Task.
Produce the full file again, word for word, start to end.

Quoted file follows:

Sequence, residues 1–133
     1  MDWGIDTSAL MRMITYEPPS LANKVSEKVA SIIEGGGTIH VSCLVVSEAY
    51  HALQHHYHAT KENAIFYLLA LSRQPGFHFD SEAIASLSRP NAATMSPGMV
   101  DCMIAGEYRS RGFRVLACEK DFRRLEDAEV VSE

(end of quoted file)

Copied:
Sequence, residues 1–133
     1  MDWGIDTSAL MRMITYEPPS LANKVSEKVA SIIEGGGTIH VSCLVVSEAY
    51  HALQHHYHAT KENAIFYLLA LSRQPGFHFD SEAIASLSRP NAATMSPGMV
   101  DCMIAGEYRS RGFRVLACEK DFRRLEDAEV VSE